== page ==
The Raptors are in Detroit tonight to take on the Pistons, in an 8pm prime time match-up. It’s a SEGABABA (second game of a back-to-back), on ESPN, and in the midst of a horrid offensive dry spell — a trifecta of interesting stories. Toronto is looking for their third win in a row against Detroit this season, after winning the second match up convincingly, 123-94, just 10 days ago.
Toronto is coming off a closer-than-it-looked 106-90 victory over the Hawks on Tuesday at the ACC — a game that was painfully close for 44 minutes before finally opening up in the late moments. The big story is the clunky offense (something we’ll dive into in this preview) which, despite individual accolades, highlights how important each player is in efficiently executing an offensive game plan.
Detroit, on the other hand, has been reeling for an extended period of time. After looking like a new group immediately following the Blake Griffin trade, the Pistons look lost on both ends. In their past 10 games, they’ve shot over 45 percent from the floor just twice, and have given up 10 or more three pointers in eight games during that same stretch.
Stan Van Gundy may be coaching for his job to finish out the season, and the team might want to capitalize on the opportunity to play spoiler on national TV against the Raptors, especially if Toronto’s shooting hasn’t figured itself out on the plane trip from Toronto (which, to be fair, is a half-hour flight, so it probably won’t).
Here are your details for tonight’s game:
Where to Watch:
TSN 4/5 8 p.m.
Toronto – Kyle Lowry, DeMar DeRozan, Malcolm Miller, Serge Ibaka, Jonas Valanciunas
Detroit – Ish Smith, Reggie Bullock, James Ennis, Blake Griffin, Andre Drummond
Toronto – OG Anunoby (ankle — questionable), Delon Wright (toe — probable), Nigel Hayes (personal — questionable)
Detroit – Reggie Jackson (ankle — out), Jon Leuer (ankle — out)
What’s In the Water?
The troubling story in Toronto the past few days is the stumbling offensive play over the last three games — coinciding with starting small forward OG Anunoby going down with an ankle injury. During the stretch, the team is averaging just 103.7 points per game, and shooting a full five percentage points below their season average, 42 percent, from the field, and below 30 percent from downtown.
Part of the problem is the starters missing open shots, but a lot has to do with the bench’s rhythm early on in the game. Most of the damage done by the bench is early in the second quarter, where the unit employs a run and gun approach, keeping the opposing bench on its heels. Their production in the early going of the last three contests has slipped since the Anunoby injury, partly because C.J. Miles has been asked to enter games earlier than normal — staggering the usual rotation that makes the second unit so effective.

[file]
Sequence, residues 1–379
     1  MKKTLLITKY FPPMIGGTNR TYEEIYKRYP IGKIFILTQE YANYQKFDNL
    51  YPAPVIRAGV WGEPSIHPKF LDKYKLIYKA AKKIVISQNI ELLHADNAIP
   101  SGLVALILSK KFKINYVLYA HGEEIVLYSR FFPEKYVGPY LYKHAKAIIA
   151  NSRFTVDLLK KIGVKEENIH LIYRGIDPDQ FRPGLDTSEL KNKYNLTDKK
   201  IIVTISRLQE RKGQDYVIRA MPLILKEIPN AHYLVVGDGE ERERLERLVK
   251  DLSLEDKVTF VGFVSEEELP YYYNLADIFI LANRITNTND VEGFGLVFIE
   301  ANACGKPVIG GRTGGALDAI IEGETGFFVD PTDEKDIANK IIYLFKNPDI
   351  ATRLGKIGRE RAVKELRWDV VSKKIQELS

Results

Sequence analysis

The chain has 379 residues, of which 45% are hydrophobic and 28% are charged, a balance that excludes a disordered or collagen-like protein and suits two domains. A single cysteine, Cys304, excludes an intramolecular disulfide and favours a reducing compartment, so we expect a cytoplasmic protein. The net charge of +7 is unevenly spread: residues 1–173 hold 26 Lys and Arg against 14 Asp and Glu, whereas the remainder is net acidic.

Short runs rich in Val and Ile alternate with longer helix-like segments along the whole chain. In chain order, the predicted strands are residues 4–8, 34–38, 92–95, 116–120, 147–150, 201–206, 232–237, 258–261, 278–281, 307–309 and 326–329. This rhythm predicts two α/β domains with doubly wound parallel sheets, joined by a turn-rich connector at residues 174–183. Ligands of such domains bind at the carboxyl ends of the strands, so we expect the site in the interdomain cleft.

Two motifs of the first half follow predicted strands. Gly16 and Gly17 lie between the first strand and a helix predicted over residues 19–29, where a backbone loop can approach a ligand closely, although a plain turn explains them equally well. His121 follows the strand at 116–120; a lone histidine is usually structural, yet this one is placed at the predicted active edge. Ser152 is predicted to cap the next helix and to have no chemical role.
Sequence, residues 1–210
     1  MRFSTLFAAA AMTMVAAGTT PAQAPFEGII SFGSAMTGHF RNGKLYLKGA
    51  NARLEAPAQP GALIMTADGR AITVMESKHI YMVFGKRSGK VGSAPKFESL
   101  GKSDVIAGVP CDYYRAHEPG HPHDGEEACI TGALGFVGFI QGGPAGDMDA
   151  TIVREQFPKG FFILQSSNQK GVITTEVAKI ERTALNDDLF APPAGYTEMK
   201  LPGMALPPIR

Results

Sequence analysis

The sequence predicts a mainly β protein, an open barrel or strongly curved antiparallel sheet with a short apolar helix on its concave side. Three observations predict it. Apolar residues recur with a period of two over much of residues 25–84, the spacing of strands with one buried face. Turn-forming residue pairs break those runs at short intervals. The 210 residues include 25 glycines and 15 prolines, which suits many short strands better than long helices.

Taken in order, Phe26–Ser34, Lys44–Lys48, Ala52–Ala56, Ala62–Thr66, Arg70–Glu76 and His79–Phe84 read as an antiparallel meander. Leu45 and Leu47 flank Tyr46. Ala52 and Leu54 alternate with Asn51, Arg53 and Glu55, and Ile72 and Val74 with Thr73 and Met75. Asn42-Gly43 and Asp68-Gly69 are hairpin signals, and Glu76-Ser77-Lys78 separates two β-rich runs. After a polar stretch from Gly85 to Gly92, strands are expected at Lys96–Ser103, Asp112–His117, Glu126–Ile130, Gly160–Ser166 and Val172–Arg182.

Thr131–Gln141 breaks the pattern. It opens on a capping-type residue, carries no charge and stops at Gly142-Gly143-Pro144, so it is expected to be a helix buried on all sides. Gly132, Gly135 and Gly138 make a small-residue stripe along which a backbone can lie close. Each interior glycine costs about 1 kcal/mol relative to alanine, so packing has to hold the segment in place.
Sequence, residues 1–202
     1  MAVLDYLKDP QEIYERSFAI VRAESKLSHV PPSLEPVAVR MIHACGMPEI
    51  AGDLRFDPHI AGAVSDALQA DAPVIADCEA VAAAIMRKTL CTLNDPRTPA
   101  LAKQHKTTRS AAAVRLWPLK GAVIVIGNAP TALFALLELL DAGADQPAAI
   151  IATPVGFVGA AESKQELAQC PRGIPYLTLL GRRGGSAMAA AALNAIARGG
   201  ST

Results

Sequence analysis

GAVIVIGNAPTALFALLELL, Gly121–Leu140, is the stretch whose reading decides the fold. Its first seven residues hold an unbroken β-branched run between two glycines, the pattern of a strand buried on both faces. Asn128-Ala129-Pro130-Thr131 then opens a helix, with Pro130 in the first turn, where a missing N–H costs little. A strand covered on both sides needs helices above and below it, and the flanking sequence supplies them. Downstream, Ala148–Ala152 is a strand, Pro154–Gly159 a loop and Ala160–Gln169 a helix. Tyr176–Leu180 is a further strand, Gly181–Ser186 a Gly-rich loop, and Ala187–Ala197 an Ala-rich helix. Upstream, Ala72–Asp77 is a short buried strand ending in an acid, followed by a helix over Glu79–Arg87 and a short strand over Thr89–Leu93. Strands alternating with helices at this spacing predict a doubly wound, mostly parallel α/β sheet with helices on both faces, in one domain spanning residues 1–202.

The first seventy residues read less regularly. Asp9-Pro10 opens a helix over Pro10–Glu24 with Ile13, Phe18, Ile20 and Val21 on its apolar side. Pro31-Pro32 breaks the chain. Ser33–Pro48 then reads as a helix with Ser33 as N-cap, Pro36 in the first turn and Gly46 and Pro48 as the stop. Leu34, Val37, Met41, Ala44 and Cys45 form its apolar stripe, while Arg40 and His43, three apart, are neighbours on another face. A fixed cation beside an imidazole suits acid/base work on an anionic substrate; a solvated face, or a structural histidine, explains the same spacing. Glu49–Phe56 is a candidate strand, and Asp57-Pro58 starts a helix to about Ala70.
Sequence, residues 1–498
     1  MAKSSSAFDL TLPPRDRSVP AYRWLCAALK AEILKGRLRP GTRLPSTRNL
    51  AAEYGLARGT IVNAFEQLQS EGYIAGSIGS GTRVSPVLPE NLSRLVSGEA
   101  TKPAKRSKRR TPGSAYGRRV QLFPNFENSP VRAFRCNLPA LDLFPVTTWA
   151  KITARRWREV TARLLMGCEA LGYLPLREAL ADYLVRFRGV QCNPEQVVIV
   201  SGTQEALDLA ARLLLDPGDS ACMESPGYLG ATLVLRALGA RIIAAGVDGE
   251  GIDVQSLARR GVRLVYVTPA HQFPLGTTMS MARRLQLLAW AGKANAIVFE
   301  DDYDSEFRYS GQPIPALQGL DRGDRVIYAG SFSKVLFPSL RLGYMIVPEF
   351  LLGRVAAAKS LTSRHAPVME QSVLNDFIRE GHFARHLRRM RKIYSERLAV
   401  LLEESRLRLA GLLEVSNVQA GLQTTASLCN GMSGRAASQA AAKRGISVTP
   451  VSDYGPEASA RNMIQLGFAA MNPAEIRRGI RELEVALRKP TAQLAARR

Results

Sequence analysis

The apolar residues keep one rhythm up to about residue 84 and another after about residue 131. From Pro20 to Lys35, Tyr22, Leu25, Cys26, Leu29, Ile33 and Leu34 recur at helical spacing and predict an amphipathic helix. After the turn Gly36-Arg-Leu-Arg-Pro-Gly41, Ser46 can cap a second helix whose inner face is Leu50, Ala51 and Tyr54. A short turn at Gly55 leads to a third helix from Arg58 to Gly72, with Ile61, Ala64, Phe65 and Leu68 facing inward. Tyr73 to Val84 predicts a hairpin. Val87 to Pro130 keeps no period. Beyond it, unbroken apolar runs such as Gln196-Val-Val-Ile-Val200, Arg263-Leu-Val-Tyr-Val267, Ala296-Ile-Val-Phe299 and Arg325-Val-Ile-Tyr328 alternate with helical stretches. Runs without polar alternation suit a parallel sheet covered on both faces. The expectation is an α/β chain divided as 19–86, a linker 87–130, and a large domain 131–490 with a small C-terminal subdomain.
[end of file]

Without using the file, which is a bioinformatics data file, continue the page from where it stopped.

With Norman Powell getting burn in the few minutes of the second quarter where Miles normally thrives, the court has shrunk for the team’s penetrating bench guards. Fred VanVleet in particular has struggled with the change, shooting just 25 percent (6-of-24) since the Anunoby injury. You may have noticed his forays to the rim lacking a certain space lately. At first glance, it may seem like Anunoby is more important to the offense than some would give him credit — however what’s really affected by his injury is the bench’s elite chemistry and routine.
Defense is Saving the Team
During this painful scoring stretch, the Raptors’ defense has thrived on intensity and awareness on the other end of the floor to alleviate the shooting trouble. In years past, if the shot wasn’t falling, the entire game would be out of reach.
This season, the Raptors are doing what they need to do on both ends, independently of one another, in order to find a path to victory. It’s a commendable and underappreciated facet of their growth this season, and one more step toward performing consistently in the postseason.
One of the major anchors on the defensive end in this three-game stretch has been Jakob Poeltl — who is averaging 3.0 blocks in fewer than 20 minutes a night over the last three. Both he and Pascal Siakam have had wondrous stretches of defense logged for the team, and in crucial moments to boot. Tuesday against Atlanta, it was Poeltl’s defensive effort in the fourth quarter which helped spark a 16-0 run, allowing the Raptors to finally pull away.
We haven’t said it much this season, sadly enough, but Norm Powell needs to be the X-Factor that earned him his clout in Toronto. If he can make a few threes a night to stretch the floor like Anunoby was able to, Miles might be able to come off the bench with the usual crew, where he (and the rest of the bench unit) is more comfortable playing from.
Unfortunately, it appears Dwane Casey understands he won’t get the “Destroyer of Worlds” Powell with a snap of his fingers, so it remains unlikely we see Casey roll with him in Anunoby’s minutes in order to preserve the first half bench rotation. This is a perfect opportunity, though, for the bench to play meaningful minutes with Powell — something that has yet to consistently happen this season.
If Toronto expects Powell to fit in with anyone, anytime, anywhere — we could be in line for a big disappointment come playoff time. He was thrust into late-game closer roles last season, and relied upon during the playoffs of his rookie year. It’s hard to strike gold twice, let alone three times. Powell needs consistent burn with teammates as we approach the postseason.